12. Till Sub-section (3) of Section 522, Code of Criminal Procedure was enacted in 1923, it had been held that a Court of appeal or revision could not pass an order under Sub-section (1) of Section 522, Code of Criminal Procedure, and that such an order could be passed only by the Court which convicted a person. It follows from this that an order under Sub-section (1) of Section 522, Code of Criminal Procedure, is not a consequential or incidental order vis-a-vis an order of conviction.

It is an independent order. If it was a consequential or an incidental order, there was no necessity of specifically providing for it in Section 522, Code of Criminal Procedure, and such an order could be made by the appellate Court when the trial Court omitted to pass such an order. The appellate Court could not pass this order because it was an independent order.

Anyway, if an order under Sub-section (1) of Section 522, Code of Criminal Procedure, could be said to be a consequential or incidental order to a conviction, the order reversing such an order on an acquittal cannot be said to be a consequential or incidental order as it does not necessarily follow that an order of acquittal must lead to the conclusion that the accused is entitled to the restoration of possession.

Unless it can be held so, no question of justness or propriety would arise and no ques-tion would arise of such an order flowing auto-matically as a result of an acquittal. To me the reasons given in the Calcutta case, refer-red to above, appear to hold good for the view that the appellate Court cannot reverse an order under Sub-section (1) of Section 522, Code of Criminal Procedure.

13. The next case is reported in Lachman v. Emperor, AIR 1924 All 212 (C). There the appellate Court ordered the convicting Court, when confirming the conviction in appeal, to pass an order under Section 522, Code of Criminal Procedure. It was held by Sulaiman, J., as he then was, that such an order could not be passed. It was, however, observed --

'Had some order been passed by the trial Court under Section 522, Criminal Procedure Code, then the appellate Court acting under Section 423, Sub-clause (d) of the Criminal Procedure Cnde, had power to make any amendment or any consequential or incidental order that might be just or proper and thus to interfere with that order.'

Nothing more is said in that connection and this observation could be just the result of what has been held in ILR 27 All 415 (A).

14. The next case is Malkhan Singh v. Emperor : AIR1945All226 . In this case, the acquitted persons applied to the Magistrate, who passed the order under Section 522. Code of Criminal Procedure, to rescind his order under that section. Their application was rejected by the Magistrate. Their revision was also rejected by the Sessions Judge. They came in revision to the High Court. Waliullah, J., observed :--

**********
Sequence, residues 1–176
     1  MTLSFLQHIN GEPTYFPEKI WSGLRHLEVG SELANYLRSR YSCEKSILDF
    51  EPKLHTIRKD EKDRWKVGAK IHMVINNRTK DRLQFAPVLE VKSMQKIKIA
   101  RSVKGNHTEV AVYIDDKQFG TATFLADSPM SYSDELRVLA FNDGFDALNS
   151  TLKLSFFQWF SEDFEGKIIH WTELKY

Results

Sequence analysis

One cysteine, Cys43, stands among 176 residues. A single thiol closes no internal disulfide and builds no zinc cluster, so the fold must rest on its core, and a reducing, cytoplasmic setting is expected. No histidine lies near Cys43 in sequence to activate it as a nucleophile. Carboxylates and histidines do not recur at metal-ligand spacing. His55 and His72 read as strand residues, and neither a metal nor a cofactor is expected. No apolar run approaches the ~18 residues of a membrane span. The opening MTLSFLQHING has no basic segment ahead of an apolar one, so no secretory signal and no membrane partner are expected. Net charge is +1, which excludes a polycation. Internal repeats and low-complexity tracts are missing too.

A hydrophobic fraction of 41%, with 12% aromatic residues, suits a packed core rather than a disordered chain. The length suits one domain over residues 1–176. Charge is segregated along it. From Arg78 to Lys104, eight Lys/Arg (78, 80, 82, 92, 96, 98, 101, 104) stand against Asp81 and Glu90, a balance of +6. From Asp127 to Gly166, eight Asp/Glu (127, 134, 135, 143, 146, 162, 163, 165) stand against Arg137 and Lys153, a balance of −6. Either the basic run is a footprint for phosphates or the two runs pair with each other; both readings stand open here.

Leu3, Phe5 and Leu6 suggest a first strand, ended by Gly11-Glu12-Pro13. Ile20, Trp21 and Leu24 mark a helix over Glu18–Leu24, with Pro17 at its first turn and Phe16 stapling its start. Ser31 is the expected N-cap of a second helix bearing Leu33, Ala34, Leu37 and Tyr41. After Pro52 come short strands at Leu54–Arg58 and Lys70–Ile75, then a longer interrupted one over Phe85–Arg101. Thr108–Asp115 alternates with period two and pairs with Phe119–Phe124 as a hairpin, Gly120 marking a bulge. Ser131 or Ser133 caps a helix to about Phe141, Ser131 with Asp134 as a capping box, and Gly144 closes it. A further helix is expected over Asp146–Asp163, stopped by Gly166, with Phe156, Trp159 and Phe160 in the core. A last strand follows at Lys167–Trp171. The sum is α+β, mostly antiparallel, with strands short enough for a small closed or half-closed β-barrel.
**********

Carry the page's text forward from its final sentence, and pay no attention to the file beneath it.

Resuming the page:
'It seems to me that the point is a very simple one. The question is whether under the circumstances set out above, possession over the house should be restored to the applicants from whom it had been taken away on their conviction and delivered to the complainant. There can be no doubt whatsoever that this Court has power as a Court of revision under Section 439 read with Section 423, Sub-section (1), Sub-clause (d). Criminal P. C., to reverse an order passed by the learned Magistrate under Section 522, Criminal P. C.'

Again, no reasons for the view have been given except that such had been the view in ILR 27 All 415 (A). Section .423(1) (d), Code of Criminal Procedure, provides for the making of any consequential or incidental order. Reversal of orders is contemplated inClause(c) and can be done in an appeal from any order other than an order convicting or acquitting a person. No appeal is provided against an order under Section 522, Code of Criminal Procedure and, therefore, such an order cannot be reversed by con-sideling an order of reversal to be a consequential or incidental order.

15. The facts of this case would bear out what I have said above that an acquittal does not necessarily mean that the accused is, in law, entitled to the possession of, the property. The learned Judge further observed in continuation of what has been quoted above --

'It has been urged by the learned counsel for the complainant that in this particular case the findings by the appellate Court come to this that the house really belonged to the complainant and he was deprived of the possession of the same on account of the commission of the offence under Section 448, Penal Code. It is, however, clear that after the quashing of the conviction by the appellate Court the accused (the applicants) must be deemed to be innocent of the crime.'